In 1835 Charles Darwin's geological observations on Isla Santiago (James Island) in the Galápagos Islands led him to important insights as to the process by which different varieties of igneous rock might be produced from the same volcanic vent. His work figured in a tradition of interpretation that began with the work of George Poulett Scrope and would end in the twentieth century with the theory of magmatic differentiation of igneous rocks through the process of crystal fractionation. This article reports on the findings of an expedition to Isla Santiago in July 2007 during which we were able to locate samples of igneous rocks similar to those collected by Darwin. We have used these, together with Darwin's original specimens and transcriptions of his field notes, to examine how his understanding of the separation of the trachytic and basaltic series of magmas developed from his initial field observations through to publication of Volcanic Islands in 1844.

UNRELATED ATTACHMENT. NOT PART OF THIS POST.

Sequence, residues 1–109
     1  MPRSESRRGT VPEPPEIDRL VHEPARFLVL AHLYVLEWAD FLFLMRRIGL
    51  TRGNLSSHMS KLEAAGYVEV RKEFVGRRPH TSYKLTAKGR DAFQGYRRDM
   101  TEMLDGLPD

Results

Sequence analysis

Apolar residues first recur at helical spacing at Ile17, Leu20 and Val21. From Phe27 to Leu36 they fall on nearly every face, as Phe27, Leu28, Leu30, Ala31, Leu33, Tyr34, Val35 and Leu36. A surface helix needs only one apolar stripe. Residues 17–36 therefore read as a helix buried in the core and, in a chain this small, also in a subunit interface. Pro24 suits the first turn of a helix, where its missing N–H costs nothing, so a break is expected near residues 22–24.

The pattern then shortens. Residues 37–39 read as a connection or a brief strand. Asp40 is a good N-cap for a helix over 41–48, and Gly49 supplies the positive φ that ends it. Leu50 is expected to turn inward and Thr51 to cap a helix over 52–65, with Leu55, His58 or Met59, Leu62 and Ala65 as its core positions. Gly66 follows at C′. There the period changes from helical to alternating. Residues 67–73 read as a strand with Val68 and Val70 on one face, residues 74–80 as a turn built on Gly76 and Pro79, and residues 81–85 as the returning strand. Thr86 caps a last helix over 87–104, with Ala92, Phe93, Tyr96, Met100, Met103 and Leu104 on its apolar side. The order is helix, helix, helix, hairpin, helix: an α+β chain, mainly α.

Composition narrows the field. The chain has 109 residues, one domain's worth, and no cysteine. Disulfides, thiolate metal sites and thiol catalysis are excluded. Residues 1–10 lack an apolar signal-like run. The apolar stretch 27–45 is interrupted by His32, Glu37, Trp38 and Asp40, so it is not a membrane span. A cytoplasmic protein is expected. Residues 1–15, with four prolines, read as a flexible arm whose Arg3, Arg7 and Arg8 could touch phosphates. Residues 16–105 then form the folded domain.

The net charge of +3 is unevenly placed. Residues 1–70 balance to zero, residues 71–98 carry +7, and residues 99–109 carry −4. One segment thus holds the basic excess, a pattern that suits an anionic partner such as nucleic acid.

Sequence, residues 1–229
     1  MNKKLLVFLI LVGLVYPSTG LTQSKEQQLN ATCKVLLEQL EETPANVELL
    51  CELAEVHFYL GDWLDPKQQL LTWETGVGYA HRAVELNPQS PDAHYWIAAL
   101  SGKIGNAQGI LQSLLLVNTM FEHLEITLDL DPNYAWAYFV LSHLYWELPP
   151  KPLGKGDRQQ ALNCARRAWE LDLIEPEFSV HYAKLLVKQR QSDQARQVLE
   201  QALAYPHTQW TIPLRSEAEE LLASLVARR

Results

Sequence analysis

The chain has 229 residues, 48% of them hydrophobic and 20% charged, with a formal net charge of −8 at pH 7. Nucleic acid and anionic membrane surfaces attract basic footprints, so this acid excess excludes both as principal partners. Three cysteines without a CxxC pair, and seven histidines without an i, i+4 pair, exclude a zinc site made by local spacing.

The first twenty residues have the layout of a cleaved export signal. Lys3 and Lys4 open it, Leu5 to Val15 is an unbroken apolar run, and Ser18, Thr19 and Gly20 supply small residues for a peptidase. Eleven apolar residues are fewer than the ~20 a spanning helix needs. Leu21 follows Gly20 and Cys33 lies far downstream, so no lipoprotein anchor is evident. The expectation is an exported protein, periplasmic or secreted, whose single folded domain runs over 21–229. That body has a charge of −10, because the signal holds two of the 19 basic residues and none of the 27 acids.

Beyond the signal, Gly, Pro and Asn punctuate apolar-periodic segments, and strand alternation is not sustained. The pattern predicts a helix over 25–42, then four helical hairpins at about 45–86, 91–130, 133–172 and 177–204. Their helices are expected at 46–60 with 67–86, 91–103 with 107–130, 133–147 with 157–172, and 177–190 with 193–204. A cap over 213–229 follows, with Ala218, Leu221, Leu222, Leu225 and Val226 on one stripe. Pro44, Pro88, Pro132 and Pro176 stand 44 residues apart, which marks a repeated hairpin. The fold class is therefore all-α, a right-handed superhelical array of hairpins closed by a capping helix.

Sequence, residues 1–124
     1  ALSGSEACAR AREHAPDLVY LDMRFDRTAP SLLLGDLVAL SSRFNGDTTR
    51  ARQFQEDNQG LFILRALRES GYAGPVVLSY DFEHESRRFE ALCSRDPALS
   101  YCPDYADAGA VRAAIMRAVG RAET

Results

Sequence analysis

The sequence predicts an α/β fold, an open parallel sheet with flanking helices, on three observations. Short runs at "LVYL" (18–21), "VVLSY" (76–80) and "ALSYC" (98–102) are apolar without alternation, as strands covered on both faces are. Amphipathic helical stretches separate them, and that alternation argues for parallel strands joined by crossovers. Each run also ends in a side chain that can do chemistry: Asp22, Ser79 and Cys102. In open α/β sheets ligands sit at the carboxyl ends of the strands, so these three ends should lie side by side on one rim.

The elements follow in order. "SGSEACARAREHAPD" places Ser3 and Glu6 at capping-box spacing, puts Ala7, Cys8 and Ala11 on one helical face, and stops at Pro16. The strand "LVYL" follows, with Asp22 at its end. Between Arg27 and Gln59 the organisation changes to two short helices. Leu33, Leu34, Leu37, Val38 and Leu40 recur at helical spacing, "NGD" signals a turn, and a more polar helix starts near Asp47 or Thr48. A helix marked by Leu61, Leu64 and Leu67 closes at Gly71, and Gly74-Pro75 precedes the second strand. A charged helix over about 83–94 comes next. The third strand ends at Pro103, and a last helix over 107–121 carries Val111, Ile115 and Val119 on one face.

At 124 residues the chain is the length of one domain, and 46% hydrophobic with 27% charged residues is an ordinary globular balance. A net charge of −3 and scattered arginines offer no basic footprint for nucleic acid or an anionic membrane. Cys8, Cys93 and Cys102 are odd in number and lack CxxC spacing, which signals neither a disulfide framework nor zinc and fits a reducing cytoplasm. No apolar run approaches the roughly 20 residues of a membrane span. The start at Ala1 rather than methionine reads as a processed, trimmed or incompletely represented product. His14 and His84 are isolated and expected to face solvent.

Into the Field Again: Re-Examining Charles Darwin's 1835 Geological Work on Isla Santiago (James Island) in the Galápagos Archipelago
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Sandra Herbert, Sally Gibson, David Norman, Dennis Geist, Greg Estes, Thalia Grant, Andrew Miles; Into the Field Again: Re-Examining Charles Darwin's 1835 Geological Work on Isla Santiago (James Island) in the Galápagos Archipelago. Earth Sciences History 1 January 2009; 28 (1): 1–31. doi: https://doi.org/10.17704/eshi.28.1.mjt982717p162323
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